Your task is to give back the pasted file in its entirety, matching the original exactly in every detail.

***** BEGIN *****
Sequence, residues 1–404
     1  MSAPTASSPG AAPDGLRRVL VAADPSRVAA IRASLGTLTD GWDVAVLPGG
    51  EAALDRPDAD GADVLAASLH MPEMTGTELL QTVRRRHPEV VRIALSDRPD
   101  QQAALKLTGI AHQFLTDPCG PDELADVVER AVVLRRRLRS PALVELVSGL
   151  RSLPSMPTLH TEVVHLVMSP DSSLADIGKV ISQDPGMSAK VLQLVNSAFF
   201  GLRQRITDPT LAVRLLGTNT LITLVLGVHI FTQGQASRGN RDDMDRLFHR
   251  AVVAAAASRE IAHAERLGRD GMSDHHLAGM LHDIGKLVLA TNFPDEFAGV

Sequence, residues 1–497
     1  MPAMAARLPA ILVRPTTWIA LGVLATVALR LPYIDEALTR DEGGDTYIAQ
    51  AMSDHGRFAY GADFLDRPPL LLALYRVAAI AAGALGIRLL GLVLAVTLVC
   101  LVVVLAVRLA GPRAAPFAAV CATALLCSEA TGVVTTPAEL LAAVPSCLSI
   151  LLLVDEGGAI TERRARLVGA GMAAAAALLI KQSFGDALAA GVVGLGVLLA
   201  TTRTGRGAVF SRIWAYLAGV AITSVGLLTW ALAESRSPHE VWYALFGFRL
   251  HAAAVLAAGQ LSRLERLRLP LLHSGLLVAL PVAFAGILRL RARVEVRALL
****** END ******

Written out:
Sequence, residues 1–404
     1  MSAPTASSPG AAPDGLRRVL VAADPSRVAA IRASLGTLTD GWDVAVLPGG
    51  EAALDRPDAD GADVLAASLH MPEMTGTELL QTVRRRHPEV VRIALSDRPD
   101  QQAALKLTGI AHQFLTDPCG PDELADVVER AVVLRRRLRS PALVELVSGL
   151  RSLPSMPTLH TEVVHLVMSP DSSLADIGKV ISQDPGMSAK VLQLVNSAFF
   201  GLRQRITDPT LAVRLLGTNT LITLVLGVHI FTQGQASRGN RDDMDRLFHR
   251  AVVAAAASRE IAHAERLGRD GMSDHHLAGM LHDIGKLVLA TNFPDEFAGV

Sequence, residues 1–497
     1  MPAMAARLPA ILVRPTTWIA LGVLATVALR LPYIDEALTR DEGGDTYIAQ
    51  AMSDHGRFAY GADFLDRPPL LLALYRVAAI AAGALGIRLL GLVLAVTLVC
   101  LVVVLAVRLA GPRAAPFAAV CATALLCSEA TGVVTTPAEL LAAVPSCLSI
   151  LLLVDEGGAI TERRARLVGA GMAAAAALLI KQSFGDALAA GVVGLGVLLA
   201  TTRTGRGAVF SRIWAYLAGV AITSVGLLTW ALAESRSPHE VWYALFGFRL
   251  HAAAVLAAGQ LSRLERLRLP LLHSGLLVAL PVAFAGILRL RARVEVRALL